Word of the week: unsettled


It’s been JJ’s second full week at big school. He seems to be taking it in his stride but just at the point where you think a new routine is bedding in, it seems that the dust is once again un-settling as tiredness creeps in. What started off as a pretty chaotic madcap pre-bed ‘routine’ has rapidly descended into the ninth circle of hell as JJ not only encourages his little brother to ignore me and defy my every wish but also seems to be possessed by the devil a little himself, kicking, screaming and seeming to relish this new found naughtiness.

This has not been helped by the fact that their father has been working late shifts and I’ve been flying solo, although the threat of ‘telling Daddy’ has been enough to kickstart the first hints of obedience. As always, once EJ is in his cot, JJ’s defiant behaviour suddenly ebbs away as quickly as it washed in. Last night he even turned to me and said, ‘sorry for being naughty earlier Mummy’ and then ‘are you sorry too?’ to which I replied ‘yes, I’m sorry for getting cross’ and that was enough.

In the meantime EJ’s nice settled routine of going down to bed like a little lamb is also a bit off the rails as he has begun climbing out of his cot and then repeatedly climbing out every time he is deposited back in, screaming at the stair gate demanding to be released. My policy is always to ignore this kind of thing. I’ll only put him back twice – I’m not playing that game! If they have to cry themselves up into a fury then that’s what happens. It happened with JJ for a couple of nights when the gate first went up too. This time it’s different though because, whilst I studiously ignore the screaming and get on with my chores (we’re talking maybe 15 minutes here – and always with the intention of going back to soothe, comfort and reassess once the mood has changed from defiant to just plain tired and upset), JJ can’t in good conscience let EJ sit and stew, preferring to talk to him calmly and kindly through the gate which is actually really sweet and, last night at any rate, left EJ a lot more docile, just wishing for some milk before allowing me to put him back to bed once and for all.

I have to say though, every evening I get more and more on edge in the run up to 6pm when I know I will be chewed up into a mangled shadow of my former self before being spat back out at 7, grasping desperately for the G&T!

As far as the transition into autumn routine goes though, it’s starting to come together. The madness of party planning is over thanks to two birthdays that bookend the holiday period and I’ve actually taken my foot off the pedal and relaxed a bit, even treating myself to a small shopping spree, before I begin to formulate my master plan for the run up to Christmas. This breather has left me with the space to think about me again, as selfish as that might sound. I guess the summer period is always going to be a time filled with wall to wall kidstuff, but once term kicks in and they are back in the capable hands of their educators, it seems like the right time to start thinking about personal goals and dreams outside of motherhood.

So, whilst certain events of the past week have been very unsettling, I look forward to shaking myself out of whatever comfortable furrow life seems to have settled into lately and come a bit more alive with a challenge more demanding than just baking a cake or joining a linky. Watch this space…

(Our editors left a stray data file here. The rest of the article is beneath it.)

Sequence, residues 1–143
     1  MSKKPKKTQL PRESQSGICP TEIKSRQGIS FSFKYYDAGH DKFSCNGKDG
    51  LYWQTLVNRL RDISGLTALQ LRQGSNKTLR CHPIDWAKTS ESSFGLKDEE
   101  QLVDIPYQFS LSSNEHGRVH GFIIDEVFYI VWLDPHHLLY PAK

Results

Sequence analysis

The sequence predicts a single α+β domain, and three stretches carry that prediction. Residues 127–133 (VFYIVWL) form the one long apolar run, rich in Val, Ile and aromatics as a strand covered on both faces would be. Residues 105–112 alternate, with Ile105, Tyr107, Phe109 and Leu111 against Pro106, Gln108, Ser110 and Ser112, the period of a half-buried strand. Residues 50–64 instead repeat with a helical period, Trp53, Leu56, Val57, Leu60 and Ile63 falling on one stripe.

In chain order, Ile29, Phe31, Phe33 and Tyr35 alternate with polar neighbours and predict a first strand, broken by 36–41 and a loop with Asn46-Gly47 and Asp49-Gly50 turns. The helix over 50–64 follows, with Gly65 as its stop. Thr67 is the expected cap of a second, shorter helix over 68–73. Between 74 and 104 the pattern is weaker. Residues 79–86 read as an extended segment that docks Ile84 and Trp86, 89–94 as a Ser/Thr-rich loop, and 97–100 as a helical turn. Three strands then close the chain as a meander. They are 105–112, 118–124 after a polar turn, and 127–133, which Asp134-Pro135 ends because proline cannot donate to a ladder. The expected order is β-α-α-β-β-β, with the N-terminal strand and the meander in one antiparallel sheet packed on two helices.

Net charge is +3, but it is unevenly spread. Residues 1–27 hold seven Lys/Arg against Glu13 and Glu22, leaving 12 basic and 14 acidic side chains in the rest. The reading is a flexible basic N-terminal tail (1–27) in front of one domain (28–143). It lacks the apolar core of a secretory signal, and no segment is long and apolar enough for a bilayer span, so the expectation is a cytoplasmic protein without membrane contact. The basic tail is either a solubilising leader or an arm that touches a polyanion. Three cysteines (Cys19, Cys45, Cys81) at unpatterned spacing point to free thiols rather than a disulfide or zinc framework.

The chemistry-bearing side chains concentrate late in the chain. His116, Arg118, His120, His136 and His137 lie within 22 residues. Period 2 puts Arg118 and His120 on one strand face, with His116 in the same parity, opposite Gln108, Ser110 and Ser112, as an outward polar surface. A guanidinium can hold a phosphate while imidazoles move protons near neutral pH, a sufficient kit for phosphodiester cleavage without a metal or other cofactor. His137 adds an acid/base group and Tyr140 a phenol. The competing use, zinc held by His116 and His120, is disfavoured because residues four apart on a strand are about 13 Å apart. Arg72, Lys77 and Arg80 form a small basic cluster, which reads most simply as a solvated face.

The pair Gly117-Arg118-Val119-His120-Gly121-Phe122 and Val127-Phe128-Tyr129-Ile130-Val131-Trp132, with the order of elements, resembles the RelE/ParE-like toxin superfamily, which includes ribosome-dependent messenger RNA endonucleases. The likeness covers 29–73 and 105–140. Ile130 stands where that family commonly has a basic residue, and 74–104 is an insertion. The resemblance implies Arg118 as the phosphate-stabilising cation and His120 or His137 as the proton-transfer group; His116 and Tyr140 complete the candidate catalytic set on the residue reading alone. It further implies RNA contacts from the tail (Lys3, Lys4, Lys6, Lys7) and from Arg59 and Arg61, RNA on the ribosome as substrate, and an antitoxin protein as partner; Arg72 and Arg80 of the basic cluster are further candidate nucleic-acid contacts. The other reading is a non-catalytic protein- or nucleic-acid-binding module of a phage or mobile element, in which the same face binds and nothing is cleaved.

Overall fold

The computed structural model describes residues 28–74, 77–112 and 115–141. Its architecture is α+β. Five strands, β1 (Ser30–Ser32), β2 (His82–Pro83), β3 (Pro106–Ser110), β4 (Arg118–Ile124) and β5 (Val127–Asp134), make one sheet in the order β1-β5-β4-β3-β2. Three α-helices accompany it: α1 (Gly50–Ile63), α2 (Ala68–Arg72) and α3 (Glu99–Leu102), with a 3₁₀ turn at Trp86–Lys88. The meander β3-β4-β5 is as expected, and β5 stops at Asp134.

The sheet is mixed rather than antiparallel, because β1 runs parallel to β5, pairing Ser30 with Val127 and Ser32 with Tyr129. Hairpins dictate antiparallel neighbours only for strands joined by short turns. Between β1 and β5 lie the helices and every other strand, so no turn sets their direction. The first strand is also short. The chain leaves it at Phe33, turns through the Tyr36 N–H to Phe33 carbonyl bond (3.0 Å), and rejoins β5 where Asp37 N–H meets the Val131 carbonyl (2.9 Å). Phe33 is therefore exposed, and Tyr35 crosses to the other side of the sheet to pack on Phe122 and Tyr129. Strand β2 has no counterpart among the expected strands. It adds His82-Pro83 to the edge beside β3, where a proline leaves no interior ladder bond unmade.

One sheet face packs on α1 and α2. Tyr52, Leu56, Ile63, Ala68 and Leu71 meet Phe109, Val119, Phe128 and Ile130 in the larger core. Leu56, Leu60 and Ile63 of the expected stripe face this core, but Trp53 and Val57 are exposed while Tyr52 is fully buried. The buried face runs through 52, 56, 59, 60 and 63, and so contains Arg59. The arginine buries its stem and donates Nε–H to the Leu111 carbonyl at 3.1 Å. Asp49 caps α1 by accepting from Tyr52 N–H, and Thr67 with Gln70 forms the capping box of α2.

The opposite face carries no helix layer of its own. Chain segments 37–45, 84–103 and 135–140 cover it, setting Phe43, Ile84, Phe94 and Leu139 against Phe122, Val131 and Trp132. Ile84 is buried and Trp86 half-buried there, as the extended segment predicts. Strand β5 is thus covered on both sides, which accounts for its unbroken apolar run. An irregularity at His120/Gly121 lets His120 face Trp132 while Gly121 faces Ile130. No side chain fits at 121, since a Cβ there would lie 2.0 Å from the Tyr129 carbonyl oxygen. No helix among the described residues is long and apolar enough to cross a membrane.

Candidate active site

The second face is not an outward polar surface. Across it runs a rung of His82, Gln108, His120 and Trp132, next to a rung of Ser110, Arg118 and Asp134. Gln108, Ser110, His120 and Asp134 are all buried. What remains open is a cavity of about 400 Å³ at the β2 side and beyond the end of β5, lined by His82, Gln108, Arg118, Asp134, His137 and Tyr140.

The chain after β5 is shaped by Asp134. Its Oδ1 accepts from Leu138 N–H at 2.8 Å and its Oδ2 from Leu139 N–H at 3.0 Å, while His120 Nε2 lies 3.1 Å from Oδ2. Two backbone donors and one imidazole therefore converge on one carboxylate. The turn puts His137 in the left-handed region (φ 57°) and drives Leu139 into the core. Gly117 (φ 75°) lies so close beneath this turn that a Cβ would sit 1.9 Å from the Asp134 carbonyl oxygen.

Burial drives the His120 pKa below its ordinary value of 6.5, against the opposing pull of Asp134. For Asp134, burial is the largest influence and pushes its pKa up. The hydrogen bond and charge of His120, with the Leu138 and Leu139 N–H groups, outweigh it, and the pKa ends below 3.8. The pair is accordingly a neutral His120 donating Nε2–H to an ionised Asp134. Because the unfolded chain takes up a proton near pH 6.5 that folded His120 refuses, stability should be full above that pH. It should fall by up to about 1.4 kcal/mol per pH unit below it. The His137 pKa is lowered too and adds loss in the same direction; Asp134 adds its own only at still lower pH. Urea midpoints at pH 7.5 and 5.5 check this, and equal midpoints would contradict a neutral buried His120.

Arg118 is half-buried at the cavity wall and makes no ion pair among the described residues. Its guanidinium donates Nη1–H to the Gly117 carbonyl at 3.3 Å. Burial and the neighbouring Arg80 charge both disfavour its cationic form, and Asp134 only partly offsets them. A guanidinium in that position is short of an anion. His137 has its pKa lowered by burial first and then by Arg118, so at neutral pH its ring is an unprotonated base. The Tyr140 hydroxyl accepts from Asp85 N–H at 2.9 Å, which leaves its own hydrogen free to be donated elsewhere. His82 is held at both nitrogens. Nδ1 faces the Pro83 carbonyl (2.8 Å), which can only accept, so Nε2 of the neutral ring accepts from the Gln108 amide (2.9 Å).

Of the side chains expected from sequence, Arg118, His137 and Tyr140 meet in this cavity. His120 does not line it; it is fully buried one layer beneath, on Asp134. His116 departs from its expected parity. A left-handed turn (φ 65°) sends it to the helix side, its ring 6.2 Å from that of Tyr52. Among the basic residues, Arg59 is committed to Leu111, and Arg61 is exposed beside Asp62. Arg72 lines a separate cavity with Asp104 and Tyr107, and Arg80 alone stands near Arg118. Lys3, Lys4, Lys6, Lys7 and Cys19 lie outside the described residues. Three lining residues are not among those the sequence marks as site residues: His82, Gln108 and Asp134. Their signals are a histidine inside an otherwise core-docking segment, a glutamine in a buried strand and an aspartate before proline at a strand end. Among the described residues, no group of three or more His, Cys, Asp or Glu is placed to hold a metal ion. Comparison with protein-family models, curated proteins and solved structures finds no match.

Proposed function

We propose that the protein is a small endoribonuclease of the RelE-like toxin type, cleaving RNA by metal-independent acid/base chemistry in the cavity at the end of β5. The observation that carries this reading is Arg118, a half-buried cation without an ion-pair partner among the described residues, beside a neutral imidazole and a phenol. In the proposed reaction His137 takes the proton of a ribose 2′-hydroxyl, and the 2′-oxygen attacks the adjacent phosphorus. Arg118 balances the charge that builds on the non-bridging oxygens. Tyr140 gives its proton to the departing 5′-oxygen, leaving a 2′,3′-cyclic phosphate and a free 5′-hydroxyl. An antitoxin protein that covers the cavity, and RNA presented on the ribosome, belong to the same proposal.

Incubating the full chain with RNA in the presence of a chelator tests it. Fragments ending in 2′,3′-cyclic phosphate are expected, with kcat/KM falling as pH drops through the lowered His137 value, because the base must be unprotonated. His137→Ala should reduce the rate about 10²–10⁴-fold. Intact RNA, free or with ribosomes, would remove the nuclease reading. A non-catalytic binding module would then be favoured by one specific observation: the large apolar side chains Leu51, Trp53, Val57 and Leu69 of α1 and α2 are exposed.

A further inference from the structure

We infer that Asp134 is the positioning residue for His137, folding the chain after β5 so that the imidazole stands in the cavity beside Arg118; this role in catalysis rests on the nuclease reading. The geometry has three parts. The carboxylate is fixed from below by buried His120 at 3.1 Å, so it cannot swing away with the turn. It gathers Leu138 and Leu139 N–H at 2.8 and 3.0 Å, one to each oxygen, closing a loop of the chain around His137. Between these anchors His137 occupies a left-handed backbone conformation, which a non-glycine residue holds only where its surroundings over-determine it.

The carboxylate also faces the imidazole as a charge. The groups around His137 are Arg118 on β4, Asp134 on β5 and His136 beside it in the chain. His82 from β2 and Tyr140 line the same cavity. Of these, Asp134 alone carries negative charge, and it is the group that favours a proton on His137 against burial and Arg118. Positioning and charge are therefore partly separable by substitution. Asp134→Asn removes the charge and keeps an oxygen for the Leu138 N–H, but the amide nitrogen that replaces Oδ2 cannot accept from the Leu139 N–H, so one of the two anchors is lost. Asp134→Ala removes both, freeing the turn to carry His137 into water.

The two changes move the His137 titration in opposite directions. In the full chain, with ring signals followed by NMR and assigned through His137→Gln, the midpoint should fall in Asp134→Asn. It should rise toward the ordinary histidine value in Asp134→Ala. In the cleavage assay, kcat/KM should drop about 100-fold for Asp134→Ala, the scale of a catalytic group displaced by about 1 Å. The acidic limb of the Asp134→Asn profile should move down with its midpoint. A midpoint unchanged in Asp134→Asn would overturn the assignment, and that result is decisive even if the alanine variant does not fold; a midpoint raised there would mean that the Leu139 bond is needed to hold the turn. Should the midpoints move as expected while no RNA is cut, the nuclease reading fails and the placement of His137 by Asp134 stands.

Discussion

The Reading Residence

Are women better parents than men?…

…is the topic of Sara’s Prompt this week over at Mum turned Mom. The answer is no, of course we’re not. But what I would say is that, as women, we are hard-wired to fulfill a certain role for our children. Gender roles exist, largely springing from what are still marked biological differences despite the leaps forward in evolution since the era of the caveman. If they didn’t, then there would be no difference in the way we parented but as it is, women will always have the first physical bond with a child (through pregnancy) and they are very much the primary care-givers for a newborn in the majority of cases. I think women can be a lot more in tune emotionally and childhood can be a pretty emotional time.

male vs. female

Because of the way society tends to run, women are gifted with maternity leave whilst men are expected to return to full time jobs, and again, spending that amount of dedicated time in the company of your rapidly growing and developing child leads to a knock on effect of imprinted need and reliance on the mother by the child which, in turn, leads to a mother who has that much touted ‘instinct’ and an ability to pick her own child’s cry out of a room of crying toddlers, or understand half-grunted, half-signed language which might baffle another person.

Although it may be entirely unfair to men who would like to devote more of their time to their children and do a wonderful, nurturing job in the evenings and on weekends, any true comparison is never going to be forthcoming unless every single one of us does exactly the same share of the money-making and the child-rearing. For every example of a friend of a friend who reversed roles with her husband and found that she was returning from work to discover piles of laundry and washing crusting from breakfast in the sink (or worse, not in the sink), there will be someone who can produce the perfect SAHD – but any perfect SAHD must surely rely heavily on the feminine side of his make-up, if you will; the side that knows the difference between Sudocrem and Metanium, the difference a well-timed nap can make, and the part which is happy to succumb to domesticity and routine. It isn’t easy for dads to fulfill that role simply because they are in the minority and it takes a brave man to face down the all-female Toddler Group Clique who may eye him suspiciously across the squash and biccies.